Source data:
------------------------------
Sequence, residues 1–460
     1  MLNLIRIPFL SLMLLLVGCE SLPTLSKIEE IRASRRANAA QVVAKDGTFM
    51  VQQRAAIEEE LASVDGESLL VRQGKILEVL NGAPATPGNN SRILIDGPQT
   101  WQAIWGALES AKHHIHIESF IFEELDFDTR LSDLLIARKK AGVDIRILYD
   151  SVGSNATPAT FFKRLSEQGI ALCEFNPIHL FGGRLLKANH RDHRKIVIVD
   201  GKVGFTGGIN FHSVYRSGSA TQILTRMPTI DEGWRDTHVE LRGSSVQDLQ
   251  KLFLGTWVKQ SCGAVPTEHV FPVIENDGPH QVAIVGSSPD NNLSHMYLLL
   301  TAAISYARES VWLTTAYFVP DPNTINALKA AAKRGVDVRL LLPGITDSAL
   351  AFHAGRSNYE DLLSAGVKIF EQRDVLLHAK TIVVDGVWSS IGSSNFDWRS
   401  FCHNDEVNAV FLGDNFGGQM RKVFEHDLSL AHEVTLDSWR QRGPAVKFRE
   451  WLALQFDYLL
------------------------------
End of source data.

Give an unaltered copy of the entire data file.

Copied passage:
Sequence, residues 1–460
     1  MLNLIRIPFL SLMLLLVGCE SLPTLSKIEE IRASRRANAA QVVAKDGTFM
    51  VQQRAAIEEE LASVDGESLL VRQGKILEVL NGAPATPGNN SRILIDGPQT
   101  WQAIWGALES AKHHIHIESF IFEELDFDTR LSDLLIARKK AGVDIRILYD
   151  SVGSNATPAT FFKRLSEQGI ALCEFNPIHL FGGRLLKANH RDHRKIVIVD
   201  GKVGFTGGIN FHSVYRSGSA TQILTRMPTI DEGWRDTHVE LRGSSVQDLQ
   251  KLFLGTWVKQ SCGAVPTEHV FPVIENDGPH QVAIVGSSPD NNLSHMYLLL
   301  TAAISYARES VWLTTAYFVP DPNTINALKA AAKRGVDVRL LLPGITDSAL
   351  AFHAGRSNYE DLLSAGVKIF EQRDVLLHAK TIVVDGVWSS IGSSNFDWRS
   401  FCHNDEVNAV FLGDNFGGQM RKVFEHDLSL AHEVTLDSWR QRGPAVKFRE
   451  WLALQFDYLL